“Jack has given me nothing but stress this past year. His work is poor, he’s lazy and he’s turning the team against me. As his line manager, I tried to support him and then in spite of all my time and effort, I’m the one who ends up being investigated.”
This was Gill at the start of our initial meeting prior to a proposed mediation with team member Jack. Jack had raised a grievance against Gill claiming bullying behaviour. Both had subsequently endured a bruising process in which Jack’s case had not been proven. “I hoped that once he was told the outcome we’d move on, but then he appealed – I couldn’t believe it.” Gill was angry and stressed by the whole process, but agreed to the appeal recommendation to try mediation.
Jack was angry and frustrated as well and was so affected by Gill’s behaviour and the whole grievance process that he had had to take two weeks off work with stress.
“I don’t know if she’s just totally unaware of how intimidating and rude she is or if it’s a deliberate tactic to get me to leave. She says I’m not performing but the truth is she micromanages me and criticises when I don’t do something exactly her way.”
As a professional mediator, for me this is a fairly typical case. Two people work closely together in a highly pressured environment; a piece of work doesn’t go quite right and before anybody knows it, the conflict escalation cycle has started with Gill looking out for more ‘evidence’ of Jack’s ‘poor performance’ and Jack reacting negatively to the ‘additional stress’ and picking up on any adverse comment and action from Gill.
As I say, this is the kind of scenario that occurs regularly in workplaces. So if you were the HR Manager approached by Jack wanting to raise a grievance against Gill what would you do? Would you take the time to talk it through with him and explore what has happened? Would you help him understand all the options open to him including the formal grievance process and what is involved including possible outcomes? Or would you simply hand him the grievance policy and tell him where to send the email? Hopefully it wouldn’t be the latter. Yet many of the post grievance cases I deal with leave me wondering what help and advice was given for example when it becomes clear that they haven’t even sat down together and had a proper conversation about their issues. Or that their manager has simply referred them to HR and not tried to support them to resolve the problem.
Our formal HR processes are necessary and often valuable tools but used incorrectly they can be extremely harmful. Especially in relationship cases the situation is rarely black and white, ie. all one person’s ‘fault’. Rather there’s normally a clash of personalities, different working styles etc. compounded by poor communication. Is the best way to resolve the situation to force the people involved to gather evidence against the other, to build up their story and entrench their position? Because that’s what had happened with Jack and Gill. They work in very different ways and when things started to go wrong they didn’t discuss this, they avoided it and got frustrated and angry with the other. Had they had help to resolve their issues informally – to have the conversation they couldn’t have themselves, they would not have endured the stress and emotional cost of the formal process and the company wouldn’t have incurred the financial cost. Maybe their manager could have helped them, or HR, or I could have been brought in to mediate.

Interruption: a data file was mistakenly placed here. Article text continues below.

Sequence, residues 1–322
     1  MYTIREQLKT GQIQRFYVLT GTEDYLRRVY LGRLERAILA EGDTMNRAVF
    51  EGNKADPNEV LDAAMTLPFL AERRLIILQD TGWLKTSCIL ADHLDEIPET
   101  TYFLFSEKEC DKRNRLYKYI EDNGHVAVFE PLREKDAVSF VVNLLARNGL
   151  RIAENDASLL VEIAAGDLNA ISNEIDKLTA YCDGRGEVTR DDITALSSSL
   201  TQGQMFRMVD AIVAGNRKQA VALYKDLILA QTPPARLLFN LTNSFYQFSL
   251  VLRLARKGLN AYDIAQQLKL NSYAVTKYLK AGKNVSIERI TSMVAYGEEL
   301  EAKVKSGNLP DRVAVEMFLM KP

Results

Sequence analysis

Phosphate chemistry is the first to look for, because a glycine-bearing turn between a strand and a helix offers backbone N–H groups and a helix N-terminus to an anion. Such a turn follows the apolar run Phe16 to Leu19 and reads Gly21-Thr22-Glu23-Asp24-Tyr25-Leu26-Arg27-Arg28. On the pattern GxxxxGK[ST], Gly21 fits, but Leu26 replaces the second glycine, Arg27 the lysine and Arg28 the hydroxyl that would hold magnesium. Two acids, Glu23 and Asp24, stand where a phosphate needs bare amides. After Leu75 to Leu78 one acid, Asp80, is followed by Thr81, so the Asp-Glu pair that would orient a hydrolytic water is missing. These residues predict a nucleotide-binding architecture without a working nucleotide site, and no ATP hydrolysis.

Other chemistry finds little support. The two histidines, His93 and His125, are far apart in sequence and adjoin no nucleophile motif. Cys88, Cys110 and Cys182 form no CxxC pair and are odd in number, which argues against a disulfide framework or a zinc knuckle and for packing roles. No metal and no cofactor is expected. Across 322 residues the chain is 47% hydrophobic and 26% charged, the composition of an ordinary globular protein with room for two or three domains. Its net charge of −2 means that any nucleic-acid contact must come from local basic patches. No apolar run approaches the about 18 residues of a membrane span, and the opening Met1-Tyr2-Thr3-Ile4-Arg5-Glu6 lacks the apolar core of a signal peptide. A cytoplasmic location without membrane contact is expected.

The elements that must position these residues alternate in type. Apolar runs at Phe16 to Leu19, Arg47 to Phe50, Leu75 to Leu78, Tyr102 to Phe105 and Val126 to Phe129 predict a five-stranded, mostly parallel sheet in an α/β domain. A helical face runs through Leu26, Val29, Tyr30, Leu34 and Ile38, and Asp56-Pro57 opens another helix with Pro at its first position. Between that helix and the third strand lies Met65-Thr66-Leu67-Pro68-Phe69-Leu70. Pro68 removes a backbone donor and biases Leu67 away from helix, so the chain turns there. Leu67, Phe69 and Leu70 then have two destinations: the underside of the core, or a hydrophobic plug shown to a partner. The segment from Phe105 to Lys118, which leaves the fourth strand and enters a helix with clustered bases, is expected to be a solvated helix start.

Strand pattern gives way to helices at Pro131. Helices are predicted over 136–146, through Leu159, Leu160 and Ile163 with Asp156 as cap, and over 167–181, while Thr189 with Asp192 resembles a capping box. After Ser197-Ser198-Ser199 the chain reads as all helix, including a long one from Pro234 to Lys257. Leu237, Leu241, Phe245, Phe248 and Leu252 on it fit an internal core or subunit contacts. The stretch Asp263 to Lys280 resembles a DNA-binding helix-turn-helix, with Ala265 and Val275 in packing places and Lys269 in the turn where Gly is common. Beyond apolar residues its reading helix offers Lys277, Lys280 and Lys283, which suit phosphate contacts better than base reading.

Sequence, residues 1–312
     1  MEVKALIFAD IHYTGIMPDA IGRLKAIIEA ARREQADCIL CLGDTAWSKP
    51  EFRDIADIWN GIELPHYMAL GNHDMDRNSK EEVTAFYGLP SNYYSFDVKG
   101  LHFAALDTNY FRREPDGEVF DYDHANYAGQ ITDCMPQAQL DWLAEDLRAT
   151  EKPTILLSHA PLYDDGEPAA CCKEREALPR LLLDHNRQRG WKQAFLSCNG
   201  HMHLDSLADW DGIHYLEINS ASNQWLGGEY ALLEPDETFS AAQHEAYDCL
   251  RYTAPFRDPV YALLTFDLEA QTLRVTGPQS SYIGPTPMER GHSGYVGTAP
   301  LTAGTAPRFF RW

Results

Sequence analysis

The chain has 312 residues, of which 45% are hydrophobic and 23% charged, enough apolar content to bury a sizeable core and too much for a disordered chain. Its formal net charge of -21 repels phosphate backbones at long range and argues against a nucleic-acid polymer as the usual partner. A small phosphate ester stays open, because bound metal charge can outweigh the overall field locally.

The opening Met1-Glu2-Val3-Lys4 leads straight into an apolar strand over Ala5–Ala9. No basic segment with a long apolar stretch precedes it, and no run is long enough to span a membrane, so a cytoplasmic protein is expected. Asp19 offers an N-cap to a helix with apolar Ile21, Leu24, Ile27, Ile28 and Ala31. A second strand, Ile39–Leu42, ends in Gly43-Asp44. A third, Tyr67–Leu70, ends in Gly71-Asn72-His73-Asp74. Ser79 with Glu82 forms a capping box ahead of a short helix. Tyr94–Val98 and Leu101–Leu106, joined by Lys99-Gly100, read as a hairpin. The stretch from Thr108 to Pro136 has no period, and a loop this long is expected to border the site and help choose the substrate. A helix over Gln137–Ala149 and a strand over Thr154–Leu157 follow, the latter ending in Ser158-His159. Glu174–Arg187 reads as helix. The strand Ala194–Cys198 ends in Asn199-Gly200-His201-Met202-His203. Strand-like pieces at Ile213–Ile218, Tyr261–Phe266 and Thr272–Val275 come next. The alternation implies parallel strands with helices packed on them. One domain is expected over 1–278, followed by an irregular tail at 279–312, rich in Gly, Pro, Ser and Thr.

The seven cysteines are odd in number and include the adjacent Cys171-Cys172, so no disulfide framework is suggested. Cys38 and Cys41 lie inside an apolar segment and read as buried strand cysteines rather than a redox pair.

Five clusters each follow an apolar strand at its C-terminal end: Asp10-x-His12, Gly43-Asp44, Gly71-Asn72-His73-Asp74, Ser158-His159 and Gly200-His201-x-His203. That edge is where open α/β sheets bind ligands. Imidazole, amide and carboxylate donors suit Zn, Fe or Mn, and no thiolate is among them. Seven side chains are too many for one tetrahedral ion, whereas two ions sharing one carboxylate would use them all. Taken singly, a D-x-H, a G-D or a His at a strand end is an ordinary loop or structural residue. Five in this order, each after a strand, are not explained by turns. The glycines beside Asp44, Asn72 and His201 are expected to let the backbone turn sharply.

My experience suggests we jump too quickly to formal processes before fully exploring informal ways to resolve workplace disputes. We can save time, effort, stress and money by nipping conflict in the bud. Not only is this good sense, it’s what ACAS tells us we should do. The ACAS Code of Practice on Disciplinary and Grievance Procedures says to only raise matters formally if we have not been able to resolve them informally. And if it is in the ACAS Code it is more than likely in your own company Grievance Procedure. So let’s make sure all informal means have been used before going down the formal route.
And what happened to Jack and Gill? We had a successful mediation and they were able to discuss their concerns and find a way forward that worked for both of them. But it could have been so much less painful. In their situation going down the formal route had definitely made the conflict worse.
If you would like to find out how you can learn 'DIY Mediation', a simple way to nip conflict in the bud using a mediation style approach, look at our learning options here.
Sign up for our FREE Mediation Infobites 11 videos to build your knowledge of mediation plus bonus items
Learn to nip conflict in the bud yourself with our bite sized video learning series ‘DIY Mediation’
Discover the skills and process you need to resolve low level conflict in the book ‘DIY Mediation. The Conflict Resolution Toolkit for HR’
Join us at our next DIY Mediation Masterclass on 7th November 2018 in Reading, Berkshire
FREE Webinar - "8 Stages of Workplace Conflict" 12.00 on 12th Oct 2018